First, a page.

Liss Llewellyn Fine Art - 20th Century British Art

Frank Brangwyn (1867-1956)   BIOGRAPHY

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Study for Manís Ultimate Destiny, c. 193
Framed (ref: 4430)

Pencil on buff coloured tracing paper, squared, with highlights in white chalk
60 x 84 in. (152.4 x 213.4 cm)


 


Provenance: The Fine Art Society; Donald Sinden until 2006; private collection

Literature: British Murals & Decorative Painting 1920-1960, Sansom & Co, 2013, pp.218-231; Frank Brangwyn, Drawings from the Collection of Father Jerome Esser, Liss Fine Art 2015, cat. 11,  page 14

Brangwyn's celebrated murals for the Rockefeller Center adorn the facade of the Comcast building, situated at the heart of the center at 30 Rockefeller Plaza.

The murals decorate the main atrium around the entrance to the lifts.

This cartoon shows Brangwynís original proposal where Christ is seen seated on a hill facing the viewer, before the Rockefeller fraternity disallowed any religious content.
The area to the left of the lettering was also eliminated in the final work.

We are grateful to Libby Horner for her assistance. This will appear as M1110 in her forthcoming Catalogue Raisonne of Brangwyn.



Frank Brangwyn (1867-1956)


Frank Brangwyn was born in Bruges, Belgium, the son of an English father and Welsh mother. The family returned to London in 1874, Brangwyn's father gaining work as a designer of buildings, embroideries and furniture. Although Brangwyn appears to have had little formal education, whether academic or artistic, his earliest mentors were three of the most influential men in design at the turn of the century: Arthur Heygate Mackmurdo, William Morris and Siegfried Bing. Between 1884 and 1887 Brangwyn travelled to Kent, Cornwall and Devon, before venturing further with trips to Turkey in 1888, South Africa in 1891, Spain in 1892 and Morocco in 1893. Brangwyn was an independent artist, an experimenter and innovator, capable of working on both large and small scale projects, ranging from murals, oil paintings, watercolours, etchings, woodcuts and lithographs to designs for architecture, interiors, stained glass, furniture, carpets, ceramics and jewellery, as well as book illustrations, bookplates and commercial posters. It is estimated that he produced over 12,000 works during his lifetime. Mural commissions included the Worshipful Company of Skinners, London (1902-09), St Aidan's church, Leeds (1908-16), Manitoba Legislative Building, Winnipeg, Canada (1918-21), Christ's Hospital, Horsham (1912-23), State Capitol, Jefferson City, USA (1915-25), the British Empire panels, Swansea (1925-32), and Rockefeller Center, New York (1930-34). Brangwyn married Lucy Ray in 1896 and took on the lease of Temple Lodge, Hammersmith, in 1900. In 1918 the artist purchased The Jointure, Ditchling, where he spent most of his time following his wife's death in 1924. Elected RA in 1919, knighted in 1924, holder of countless artistic awards, Brangwyn was modest about his singular achievements, regarding art as an occupation and describing himself as a designer.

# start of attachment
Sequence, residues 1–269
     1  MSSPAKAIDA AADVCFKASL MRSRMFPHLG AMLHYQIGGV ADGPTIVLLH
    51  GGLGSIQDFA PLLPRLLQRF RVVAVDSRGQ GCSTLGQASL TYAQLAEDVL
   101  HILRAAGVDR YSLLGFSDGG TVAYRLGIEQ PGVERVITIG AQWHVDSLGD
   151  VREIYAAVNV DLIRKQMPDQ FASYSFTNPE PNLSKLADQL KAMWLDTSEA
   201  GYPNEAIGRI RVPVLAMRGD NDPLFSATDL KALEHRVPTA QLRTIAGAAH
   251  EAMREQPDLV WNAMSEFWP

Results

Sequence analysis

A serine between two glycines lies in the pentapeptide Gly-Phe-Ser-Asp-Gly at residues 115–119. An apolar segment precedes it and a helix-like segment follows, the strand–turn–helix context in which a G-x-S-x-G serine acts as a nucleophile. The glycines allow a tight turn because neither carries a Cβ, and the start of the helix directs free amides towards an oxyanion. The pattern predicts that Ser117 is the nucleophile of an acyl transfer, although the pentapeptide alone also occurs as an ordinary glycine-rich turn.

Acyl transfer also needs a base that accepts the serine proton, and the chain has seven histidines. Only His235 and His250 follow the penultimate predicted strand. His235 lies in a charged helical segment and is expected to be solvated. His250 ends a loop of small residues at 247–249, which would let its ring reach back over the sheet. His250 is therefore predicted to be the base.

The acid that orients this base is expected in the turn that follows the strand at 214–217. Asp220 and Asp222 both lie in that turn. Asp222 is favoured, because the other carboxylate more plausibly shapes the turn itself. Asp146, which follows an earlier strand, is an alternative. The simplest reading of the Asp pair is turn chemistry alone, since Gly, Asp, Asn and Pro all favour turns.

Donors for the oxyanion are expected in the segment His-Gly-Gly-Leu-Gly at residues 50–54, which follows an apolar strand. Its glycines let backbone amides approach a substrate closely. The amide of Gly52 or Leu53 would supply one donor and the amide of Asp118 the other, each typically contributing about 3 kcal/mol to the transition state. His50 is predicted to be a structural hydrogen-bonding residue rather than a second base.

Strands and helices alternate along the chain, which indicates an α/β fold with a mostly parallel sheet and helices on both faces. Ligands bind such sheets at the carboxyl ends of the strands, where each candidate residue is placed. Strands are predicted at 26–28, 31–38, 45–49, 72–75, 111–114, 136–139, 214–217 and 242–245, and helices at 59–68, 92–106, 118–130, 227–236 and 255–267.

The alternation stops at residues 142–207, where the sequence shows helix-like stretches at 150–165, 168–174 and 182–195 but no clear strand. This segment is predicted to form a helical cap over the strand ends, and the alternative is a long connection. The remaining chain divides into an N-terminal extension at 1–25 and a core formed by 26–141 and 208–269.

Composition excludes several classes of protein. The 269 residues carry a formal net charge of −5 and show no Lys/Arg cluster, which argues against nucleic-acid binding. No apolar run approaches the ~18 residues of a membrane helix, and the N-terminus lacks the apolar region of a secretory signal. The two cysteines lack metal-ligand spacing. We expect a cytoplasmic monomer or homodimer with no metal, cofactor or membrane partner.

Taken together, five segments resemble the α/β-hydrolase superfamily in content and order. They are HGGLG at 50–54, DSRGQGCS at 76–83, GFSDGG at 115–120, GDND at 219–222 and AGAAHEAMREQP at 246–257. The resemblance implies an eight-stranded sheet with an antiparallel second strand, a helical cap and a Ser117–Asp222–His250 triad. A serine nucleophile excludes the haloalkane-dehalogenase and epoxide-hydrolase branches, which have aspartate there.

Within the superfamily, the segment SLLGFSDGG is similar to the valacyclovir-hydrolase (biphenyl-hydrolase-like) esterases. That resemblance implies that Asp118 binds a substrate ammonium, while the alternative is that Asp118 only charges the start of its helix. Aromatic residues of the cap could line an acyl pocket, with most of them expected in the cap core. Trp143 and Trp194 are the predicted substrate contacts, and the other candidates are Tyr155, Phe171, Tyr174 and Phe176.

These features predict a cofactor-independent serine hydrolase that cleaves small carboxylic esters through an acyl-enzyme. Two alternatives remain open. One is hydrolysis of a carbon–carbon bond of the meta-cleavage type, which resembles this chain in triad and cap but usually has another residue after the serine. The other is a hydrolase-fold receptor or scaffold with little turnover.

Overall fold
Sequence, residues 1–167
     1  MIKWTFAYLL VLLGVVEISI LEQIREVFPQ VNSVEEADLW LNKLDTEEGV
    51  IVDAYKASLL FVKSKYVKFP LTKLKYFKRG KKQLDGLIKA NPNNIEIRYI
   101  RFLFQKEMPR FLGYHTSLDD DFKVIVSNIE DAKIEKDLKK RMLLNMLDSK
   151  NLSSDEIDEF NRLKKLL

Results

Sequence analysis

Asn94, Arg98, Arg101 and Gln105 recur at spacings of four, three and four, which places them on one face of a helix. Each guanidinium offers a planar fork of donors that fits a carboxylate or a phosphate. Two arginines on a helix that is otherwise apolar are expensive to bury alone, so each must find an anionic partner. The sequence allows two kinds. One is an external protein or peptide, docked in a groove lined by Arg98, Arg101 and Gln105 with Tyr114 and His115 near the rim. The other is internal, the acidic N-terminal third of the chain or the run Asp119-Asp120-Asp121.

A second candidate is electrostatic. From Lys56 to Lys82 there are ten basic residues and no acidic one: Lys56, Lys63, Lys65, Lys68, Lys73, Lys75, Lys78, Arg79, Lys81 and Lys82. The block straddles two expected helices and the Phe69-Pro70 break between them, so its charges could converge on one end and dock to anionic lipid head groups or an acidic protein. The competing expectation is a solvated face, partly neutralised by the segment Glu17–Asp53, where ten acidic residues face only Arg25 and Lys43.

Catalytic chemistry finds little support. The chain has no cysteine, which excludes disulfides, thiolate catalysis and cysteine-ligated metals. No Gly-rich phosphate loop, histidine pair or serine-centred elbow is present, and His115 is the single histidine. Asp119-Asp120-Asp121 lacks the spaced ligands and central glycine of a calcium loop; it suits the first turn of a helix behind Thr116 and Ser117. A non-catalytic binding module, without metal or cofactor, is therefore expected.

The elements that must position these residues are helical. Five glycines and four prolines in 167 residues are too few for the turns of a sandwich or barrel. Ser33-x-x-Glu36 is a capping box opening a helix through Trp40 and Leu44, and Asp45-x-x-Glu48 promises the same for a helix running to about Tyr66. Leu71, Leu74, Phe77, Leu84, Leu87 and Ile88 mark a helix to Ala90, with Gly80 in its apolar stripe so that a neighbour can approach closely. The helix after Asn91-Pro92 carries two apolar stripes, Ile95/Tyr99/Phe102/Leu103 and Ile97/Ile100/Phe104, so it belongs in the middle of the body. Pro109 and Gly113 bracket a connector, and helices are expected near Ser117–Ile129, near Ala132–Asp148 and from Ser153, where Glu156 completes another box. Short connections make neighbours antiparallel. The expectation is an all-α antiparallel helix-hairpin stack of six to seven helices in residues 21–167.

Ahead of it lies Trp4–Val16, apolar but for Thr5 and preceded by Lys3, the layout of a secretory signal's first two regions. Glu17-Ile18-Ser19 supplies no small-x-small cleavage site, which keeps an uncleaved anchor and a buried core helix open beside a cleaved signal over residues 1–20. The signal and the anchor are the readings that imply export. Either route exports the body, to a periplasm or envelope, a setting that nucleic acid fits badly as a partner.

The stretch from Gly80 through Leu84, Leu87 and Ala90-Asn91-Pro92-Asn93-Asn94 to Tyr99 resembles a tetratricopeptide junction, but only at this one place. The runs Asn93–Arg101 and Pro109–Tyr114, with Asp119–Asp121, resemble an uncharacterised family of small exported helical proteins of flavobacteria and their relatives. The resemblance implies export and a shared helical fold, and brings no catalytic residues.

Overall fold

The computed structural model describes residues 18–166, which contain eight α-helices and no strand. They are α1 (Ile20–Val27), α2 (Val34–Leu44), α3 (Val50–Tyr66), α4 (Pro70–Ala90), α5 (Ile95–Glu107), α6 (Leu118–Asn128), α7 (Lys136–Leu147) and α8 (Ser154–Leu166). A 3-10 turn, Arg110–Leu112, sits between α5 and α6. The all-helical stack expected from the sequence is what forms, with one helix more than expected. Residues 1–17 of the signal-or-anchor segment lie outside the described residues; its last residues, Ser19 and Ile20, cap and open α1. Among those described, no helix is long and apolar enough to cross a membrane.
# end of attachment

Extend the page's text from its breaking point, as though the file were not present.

See all works by Frank Brangwyn